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Analyzing Probabilistic Models in Hierarchical BOA on Traps and Spin Glasses
 

Analyzing Probabilistic Models in Hierarchical BOA on Traps and Spin Glasses

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The hierarchical Bayesian optimization algorithm (hBOA) can solve nearly decomposable and hierarchical problems of bounded difficulty in a robust and scalable manner by building and sampling ...

The hierarchical Bayesian optimization algorithm (hBOA) can solve nearly decomposable and hierarchical problems of bounded difficulty in a robust and scalable manner by building and sampling probabilistic models of promising solutions. This paper analyzes probabilistic models in hBOA on two common test problems: concatenated traps and 2D Ising spin glasses with periodic boundary conditions. We argue that although Bayesian networks with local structures can encode complex probability distributions, analyzing these models in hBOA is relatively straightforward and the results of such analyses may provide practitioners with useful information about their problems. The results show that the probabilistic models in hBOA closely correspond to the structure of the underlying optimization problem, the models do not change significantly in subsequent iterations of BOA, and creating adequate probabilistic models by hand is not straightforward even with complete knowledge of the optimization problem.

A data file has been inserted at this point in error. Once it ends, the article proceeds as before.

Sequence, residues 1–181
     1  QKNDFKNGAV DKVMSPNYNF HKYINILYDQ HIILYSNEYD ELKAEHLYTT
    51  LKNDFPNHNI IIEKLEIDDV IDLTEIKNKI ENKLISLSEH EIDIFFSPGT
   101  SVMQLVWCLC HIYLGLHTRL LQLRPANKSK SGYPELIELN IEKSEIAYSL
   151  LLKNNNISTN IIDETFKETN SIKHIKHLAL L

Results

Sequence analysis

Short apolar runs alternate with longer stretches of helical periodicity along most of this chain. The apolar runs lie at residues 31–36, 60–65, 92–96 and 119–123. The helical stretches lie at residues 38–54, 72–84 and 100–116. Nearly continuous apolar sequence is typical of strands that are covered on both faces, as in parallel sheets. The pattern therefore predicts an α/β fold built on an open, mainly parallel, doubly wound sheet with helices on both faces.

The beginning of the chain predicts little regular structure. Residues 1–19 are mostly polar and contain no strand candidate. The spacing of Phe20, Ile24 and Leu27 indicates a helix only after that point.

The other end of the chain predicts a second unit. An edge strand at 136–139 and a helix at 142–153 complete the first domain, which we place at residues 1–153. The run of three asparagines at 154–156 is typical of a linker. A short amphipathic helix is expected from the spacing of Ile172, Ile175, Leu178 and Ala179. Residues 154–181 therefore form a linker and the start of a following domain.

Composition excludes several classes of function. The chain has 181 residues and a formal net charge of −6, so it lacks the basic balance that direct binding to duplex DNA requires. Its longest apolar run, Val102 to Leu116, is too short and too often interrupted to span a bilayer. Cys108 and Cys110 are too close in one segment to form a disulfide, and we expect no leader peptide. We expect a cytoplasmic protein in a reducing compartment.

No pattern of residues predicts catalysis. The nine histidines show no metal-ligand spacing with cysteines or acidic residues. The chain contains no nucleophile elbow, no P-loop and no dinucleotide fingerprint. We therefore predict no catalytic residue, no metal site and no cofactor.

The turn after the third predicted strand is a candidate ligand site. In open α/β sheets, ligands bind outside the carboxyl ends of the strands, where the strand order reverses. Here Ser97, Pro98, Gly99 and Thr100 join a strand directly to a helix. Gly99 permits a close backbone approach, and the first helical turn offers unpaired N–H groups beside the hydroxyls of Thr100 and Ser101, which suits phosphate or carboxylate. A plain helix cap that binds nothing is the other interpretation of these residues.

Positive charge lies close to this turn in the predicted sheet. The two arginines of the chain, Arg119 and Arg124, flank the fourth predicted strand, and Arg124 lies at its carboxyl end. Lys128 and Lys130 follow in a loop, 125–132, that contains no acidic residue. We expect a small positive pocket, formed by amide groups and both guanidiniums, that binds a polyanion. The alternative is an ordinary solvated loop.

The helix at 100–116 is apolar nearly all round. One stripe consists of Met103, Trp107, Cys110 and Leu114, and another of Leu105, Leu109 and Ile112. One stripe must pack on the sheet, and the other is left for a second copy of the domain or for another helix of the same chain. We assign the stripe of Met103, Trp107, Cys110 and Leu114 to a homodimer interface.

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    Analyzing Probabilistic Models in Hierarchical BOA on Traps and Spin Glasses Analyzing Probabilistic Models in Hierarchical BOA on Traps and Spin Glasses Presentation Transcript

    • Analyzing Probabilistic Models in Hierarchical BOA on Traps and Spin Glasses Mark Hauschild, Martin Pelikan, Claudio F. Lima, Kumara Sastry